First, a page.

Anton LaVey, founder of the Church of Satan and an all-around swell guy, was vehemently opposed to the passage of time. He wrote a very compelling essay entitled "What's New?" in which he opined that most people actually die from newness:
"Contrary to the accepted premise of staying young by keeping up on things, newness is a devastating, death-dealing state. The only way you can get old is by exposure to the new. If there is no present to involuntarily match the past against, the past remains the present. And you remain in the past present, or, like a vampire, the way you were in your prime."
As he grew older, LaVey began to employ emissaries and liaisons to go forth into the outside world for him, to obtain supplies and handle business duties. Not because he was feeble or infirm - far from it, he was as robust and energetic as ever in his final years. Rather, at that advanced age, he had endured about as much modernity as he could stomach.
He listened solely to antiquated cylinders and 78s by artists like Rudy Vallée, and books and magazines from the 20s and 30s were his preferred reading material. "Keep up on the news," he wrote, "The news, that is, of the time frame you exist within. Keep periodicals on hand to reinforce what's happening in the world. This may entail acquiring a collection of vintage newspapers and magazines."
Even before I was familiar with LaVey and his philosophy, I was already attuning myself to the same principle. I've always studied pre-1966 materials as a monk would study illuminated manuscripts in a monastery, and I increasingly spend a significant chunk of my time dwelling on other segments of the time track than the one in which you are living now.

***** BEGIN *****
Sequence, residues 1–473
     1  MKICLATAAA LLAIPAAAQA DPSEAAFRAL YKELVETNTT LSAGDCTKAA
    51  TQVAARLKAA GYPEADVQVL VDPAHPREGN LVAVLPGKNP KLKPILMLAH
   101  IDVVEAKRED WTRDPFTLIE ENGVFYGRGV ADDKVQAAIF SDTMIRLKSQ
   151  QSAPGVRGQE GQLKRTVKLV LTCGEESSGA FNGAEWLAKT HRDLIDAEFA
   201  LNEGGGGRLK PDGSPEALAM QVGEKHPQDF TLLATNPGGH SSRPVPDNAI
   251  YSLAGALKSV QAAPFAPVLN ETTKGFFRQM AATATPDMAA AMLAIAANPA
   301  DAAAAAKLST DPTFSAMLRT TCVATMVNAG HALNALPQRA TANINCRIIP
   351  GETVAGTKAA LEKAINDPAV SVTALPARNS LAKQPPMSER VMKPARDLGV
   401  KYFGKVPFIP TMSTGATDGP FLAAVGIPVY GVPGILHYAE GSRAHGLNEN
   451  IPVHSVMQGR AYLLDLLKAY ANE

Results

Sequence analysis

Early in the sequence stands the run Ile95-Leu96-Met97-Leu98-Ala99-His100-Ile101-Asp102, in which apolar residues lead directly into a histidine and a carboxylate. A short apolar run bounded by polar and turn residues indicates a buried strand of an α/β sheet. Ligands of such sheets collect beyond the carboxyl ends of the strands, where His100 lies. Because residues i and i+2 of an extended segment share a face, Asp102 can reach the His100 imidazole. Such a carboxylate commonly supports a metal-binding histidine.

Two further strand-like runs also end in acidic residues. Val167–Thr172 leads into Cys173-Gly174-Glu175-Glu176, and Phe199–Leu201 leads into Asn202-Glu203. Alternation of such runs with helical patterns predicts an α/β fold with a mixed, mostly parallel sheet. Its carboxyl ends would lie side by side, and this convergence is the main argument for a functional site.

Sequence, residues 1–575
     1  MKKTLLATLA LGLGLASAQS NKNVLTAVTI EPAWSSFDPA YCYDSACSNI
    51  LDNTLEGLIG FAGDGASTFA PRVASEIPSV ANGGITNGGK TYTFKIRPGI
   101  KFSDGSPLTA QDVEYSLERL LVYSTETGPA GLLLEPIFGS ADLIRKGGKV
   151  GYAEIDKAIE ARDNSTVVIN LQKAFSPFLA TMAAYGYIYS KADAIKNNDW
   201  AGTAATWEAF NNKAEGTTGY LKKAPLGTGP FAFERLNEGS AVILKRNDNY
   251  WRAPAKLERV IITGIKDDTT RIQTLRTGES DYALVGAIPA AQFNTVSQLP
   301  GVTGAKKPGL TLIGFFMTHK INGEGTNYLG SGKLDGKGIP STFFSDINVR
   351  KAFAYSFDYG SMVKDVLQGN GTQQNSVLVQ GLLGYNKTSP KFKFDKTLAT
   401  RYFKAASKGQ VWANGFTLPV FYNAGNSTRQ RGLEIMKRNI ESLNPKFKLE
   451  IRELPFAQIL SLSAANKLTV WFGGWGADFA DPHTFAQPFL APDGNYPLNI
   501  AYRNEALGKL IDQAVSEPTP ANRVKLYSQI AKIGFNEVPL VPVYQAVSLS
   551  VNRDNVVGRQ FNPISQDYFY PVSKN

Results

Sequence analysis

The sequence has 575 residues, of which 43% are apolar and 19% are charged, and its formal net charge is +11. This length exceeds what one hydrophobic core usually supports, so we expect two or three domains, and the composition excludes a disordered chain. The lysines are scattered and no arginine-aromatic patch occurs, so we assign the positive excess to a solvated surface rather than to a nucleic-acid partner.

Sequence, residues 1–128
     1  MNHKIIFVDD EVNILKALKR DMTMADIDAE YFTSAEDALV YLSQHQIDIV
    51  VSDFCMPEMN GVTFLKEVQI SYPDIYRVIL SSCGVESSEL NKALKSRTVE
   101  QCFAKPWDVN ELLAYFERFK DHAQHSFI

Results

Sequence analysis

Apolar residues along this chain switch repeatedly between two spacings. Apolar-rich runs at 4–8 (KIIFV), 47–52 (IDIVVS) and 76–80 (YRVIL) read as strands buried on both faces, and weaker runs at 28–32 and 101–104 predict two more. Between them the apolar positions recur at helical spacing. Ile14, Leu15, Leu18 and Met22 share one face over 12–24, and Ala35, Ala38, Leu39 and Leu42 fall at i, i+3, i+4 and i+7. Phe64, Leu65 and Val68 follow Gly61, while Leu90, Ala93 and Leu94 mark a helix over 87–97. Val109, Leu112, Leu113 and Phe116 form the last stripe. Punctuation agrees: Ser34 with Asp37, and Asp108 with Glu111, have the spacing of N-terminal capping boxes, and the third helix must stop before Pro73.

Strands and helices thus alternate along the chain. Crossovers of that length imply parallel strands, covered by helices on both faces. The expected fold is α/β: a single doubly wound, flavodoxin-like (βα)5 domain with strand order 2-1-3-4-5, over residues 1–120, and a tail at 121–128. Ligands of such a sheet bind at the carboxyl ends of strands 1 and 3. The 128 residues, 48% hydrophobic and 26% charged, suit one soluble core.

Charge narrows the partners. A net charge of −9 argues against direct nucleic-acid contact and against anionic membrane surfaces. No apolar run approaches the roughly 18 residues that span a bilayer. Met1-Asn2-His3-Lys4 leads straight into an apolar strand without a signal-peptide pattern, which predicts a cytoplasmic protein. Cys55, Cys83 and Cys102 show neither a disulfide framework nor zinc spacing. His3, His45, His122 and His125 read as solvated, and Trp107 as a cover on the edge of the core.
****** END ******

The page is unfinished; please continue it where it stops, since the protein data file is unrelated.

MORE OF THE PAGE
There once was a time, in the late 1980s and early 90s, where I tried hard to keep only pre-1966 coins in my pocket. At whatever job I worked, I painstakingly parsed out the older coins from the register and swapped them out for the unworthy modern ones. Older coins turned up with far greater frequency back then, but unfortunately, for some unknown reason, they are rarely circulating in common currency these days.
I posit a conspiracy to keep us from maintaining contact with the past via the morphogenic residue of old money, and quantum connectedness with the old dead people who once handled them. The way they keep messing with the appearance of paper money in recent years is further evidence that my theory may not be altogether off-base.
One of the few good things about the internet is that it makes old newspapers and periodicals available to a degenerate past-huffer like myself.
When people come up to me and say "hey, have you seen the latest picks from the Oprah book club?" I can top them by replying "No, but have you been following Sophronia Currier's splendid new serialized novella in the latest issue of Gleason's Pictorial Drawing-Room Companion?
When people tell me about some current political issue in the news today, I can respond "I'm more concerned about the Triangle Shirtwaist Factory Fire, have you heard about that?"
No, they say, when did that happen?
"1911", I reply.